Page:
Born global: policy research project (British Academy) Bernardette Holmes


Bernardette Holmes

Bernardette Holmes

Speak to the future website

Born Global www

Project introduction

Interim report

Some preliminary questions

How languages are used in professional contexts?

How language needs are met

Employer attitudes towards language skills

Recruitment and remuneration behaviours

Expectations of language competence and use

“The new normal is multilinguism”

Mismatch between demand and supply  of language skills

Optional status for language study post-14

Access to language learning was restricted in socially-deprived contexts. Post-code lottery. A social justice curriculum in this area is necessary.

High levels of youth unemployment NEETs: UK 15.7 % Germany 7.1% Spain 49.2%

What should language education policy look like for the current and the next generations?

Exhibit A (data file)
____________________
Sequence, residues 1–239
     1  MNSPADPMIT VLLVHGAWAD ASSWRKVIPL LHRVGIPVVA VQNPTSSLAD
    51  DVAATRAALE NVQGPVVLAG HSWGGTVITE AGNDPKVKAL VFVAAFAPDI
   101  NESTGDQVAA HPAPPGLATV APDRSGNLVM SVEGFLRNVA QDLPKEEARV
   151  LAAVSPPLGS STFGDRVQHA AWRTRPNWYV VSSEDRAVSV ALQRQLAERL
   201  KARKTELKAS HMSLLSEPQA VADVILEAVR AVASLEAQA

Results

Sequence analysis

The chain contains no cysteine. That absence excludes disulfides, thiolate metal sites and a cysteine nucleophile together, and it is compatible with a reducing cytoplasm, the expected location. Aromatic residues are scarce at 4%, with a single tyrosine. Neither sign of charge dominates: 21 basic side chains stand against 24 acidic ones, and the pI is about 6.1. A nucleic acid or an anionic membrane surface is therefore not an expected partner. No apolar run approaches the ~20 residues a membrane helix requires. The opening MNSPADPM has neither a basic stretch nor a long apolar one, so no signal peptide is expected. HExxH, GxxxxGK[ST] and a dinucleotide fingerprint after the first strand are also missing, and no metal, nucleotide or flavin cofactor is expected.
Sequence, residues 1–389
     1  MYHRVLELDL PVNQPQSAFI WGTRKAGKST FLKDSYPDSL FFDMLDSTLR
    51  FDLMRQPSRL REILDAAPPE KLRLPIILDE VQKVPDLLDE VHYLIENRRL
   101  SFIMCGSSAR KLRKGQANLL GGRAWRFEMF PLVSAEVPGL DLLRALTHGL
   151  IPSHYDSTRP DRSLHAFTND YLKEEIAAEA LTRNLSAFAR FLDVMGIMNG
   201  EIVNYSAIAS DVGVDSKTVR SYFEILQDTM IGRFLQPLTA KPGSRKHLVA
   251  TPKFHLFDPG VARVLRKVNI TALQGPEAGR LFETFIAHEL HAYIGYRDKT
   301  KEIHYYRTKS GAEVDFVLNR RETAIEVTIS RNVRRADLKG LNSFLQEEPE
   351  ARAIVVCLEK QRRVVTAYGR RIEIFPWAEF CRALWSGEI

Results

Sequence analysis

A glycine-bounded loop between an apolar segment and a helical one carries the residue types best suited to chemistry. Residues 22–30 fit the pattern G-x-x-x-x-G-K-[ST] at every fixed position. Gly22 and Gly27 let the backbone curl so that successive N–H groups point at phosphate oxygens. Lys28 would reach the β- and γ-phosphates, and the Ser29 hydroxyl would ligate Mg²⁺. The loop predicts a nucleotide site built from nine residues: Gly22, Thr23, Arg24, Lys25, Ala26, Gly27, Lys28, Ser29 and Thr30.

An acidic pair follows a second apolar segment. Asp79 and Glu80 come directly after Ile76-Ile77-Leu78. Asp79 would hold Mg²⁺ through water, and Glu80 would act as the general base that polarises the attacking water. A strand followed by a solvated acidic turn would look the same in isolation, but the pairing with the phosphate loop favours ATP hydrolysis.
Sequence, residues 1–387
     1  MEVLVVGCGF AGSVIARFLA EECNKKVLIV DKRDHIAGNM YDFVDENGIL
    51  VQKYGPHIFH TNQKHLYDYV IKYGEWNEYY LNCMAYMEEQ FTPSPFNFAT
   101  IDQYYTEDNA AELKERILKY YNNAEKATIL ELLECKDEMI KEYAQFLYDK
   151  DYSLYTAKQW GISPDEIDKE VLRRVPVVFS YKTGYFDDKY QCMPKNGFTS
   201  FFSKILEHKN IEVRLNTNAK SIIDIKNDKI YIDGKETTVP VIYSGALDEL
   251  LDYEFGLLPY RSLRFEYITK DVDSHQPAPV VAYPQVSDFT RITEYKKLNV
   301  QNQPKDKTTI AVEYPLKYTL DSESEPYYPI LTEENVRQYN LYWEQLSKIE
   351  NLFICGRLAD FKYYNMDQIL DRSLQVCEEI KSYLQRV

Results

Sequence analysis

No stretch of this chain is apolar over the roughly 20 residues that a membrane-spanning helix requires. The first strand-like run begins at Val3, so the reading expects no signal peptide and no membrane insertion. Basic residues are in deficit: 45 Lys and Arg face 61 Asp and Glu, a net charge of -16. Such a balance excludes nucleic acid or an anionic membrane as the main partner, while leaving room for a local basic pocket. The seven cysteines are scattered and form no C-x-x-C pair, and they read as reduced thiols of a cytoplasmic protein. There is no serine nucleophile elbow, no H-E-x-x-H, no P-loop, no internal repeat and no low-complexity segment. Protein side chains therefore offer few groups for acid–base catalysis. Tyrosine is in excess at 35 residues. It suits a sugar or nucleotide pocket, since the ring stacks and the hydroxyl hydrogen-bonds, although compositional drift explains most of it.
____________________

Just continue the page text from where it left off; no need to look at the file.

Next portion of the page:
What are the benefits of language skills to the economy and to career prospects and employability?

A mixed method survey  approach is used for this research.

Lit. review

Analysis of British Cohort Study data (Morris & Mann) 2014. Education and Employers Taskforce

Interviews with senior executives in global companies

Using languages at work (L@W) Survey


Students IWLP student survey data

Global companies

Competitive advantage in speaking another language

Results of the survey

Which languages in addition to English does your organisation use currently?


What about languages spoken at work?


Which foreign language do you use at work and how frequently? Remember these are UK companies.


Only 17 % of the SMEs currently use foreign languages. These are the favourite foreign languages in the UK SMEs:


Will your business benefit from additional foreign language use?


And which languages would those be?


And the results form big companies’ executives:


In terms of career


Advice from the professionals with some language command:


Monolingualism comes at a cost to individuals, to employers, to broader society and to the economy.

It is time for a new national conversation about the value of multilingualism and international communication skills.

There is need for multidimensional societal change in attitudes and behaviours, if we are to normalise and capitalise on our multilingual dividend.